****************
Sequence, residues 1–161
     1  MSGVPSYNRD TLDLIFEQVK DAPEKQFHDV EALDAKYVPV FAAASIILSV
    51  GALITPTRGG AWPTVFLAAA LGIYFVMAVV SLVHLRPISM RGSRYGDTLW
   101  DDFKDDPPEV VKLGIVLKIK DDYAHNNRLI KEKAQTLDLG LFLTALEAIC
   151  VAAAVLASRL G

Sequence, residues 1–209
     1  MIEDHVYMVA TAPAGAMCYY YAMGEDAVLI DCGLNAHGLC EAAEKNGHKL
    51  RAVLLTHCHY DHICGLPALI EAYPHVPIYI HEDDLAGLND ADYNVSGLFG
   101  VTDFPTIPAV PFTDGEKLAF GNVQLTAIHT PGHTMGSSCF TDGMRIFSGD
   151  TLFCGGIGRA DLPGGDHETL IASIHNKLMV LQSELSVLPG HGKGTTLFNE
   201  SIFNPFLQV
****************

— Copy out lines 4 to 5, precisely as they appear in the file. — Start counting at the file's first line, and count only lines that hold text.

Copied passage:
   101  DDFKDDPPEV VKLGIVLKIK DDYAHNNRLI KEKAQTLDLG LFLTALEAIC
   151  VAAAVLASRL G